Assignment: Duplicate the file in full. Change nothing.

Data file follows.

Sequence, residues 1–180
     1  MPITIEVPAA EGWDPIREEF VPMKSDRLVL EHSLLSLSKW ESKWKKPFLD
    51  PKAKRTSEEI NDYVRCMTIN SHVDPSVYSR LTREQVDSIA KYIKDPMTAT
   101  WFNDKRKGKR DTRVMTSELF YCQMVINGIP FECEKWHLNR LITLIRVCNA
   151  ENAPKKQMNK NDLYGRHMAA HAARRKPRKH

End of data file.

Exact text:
Sequence, residues 1–180
     1  MPITIEVPAA EGWDPIREEF VPMKSDRLVL EHSLLSLSKW ESKWKKPFLD
    51  PKAKRTSEEI NDYVRCMTIN SHVDPSVYSR LTREQVDSIA KYIKDPMTAT
   101  WFNDKRKGKR DTRVMTSELF YCQMVINGIP FECEKWHLNR LITLIRVCNA
   151  ENAPKKQMNK NDLYGRHMAA HAARRKPRKH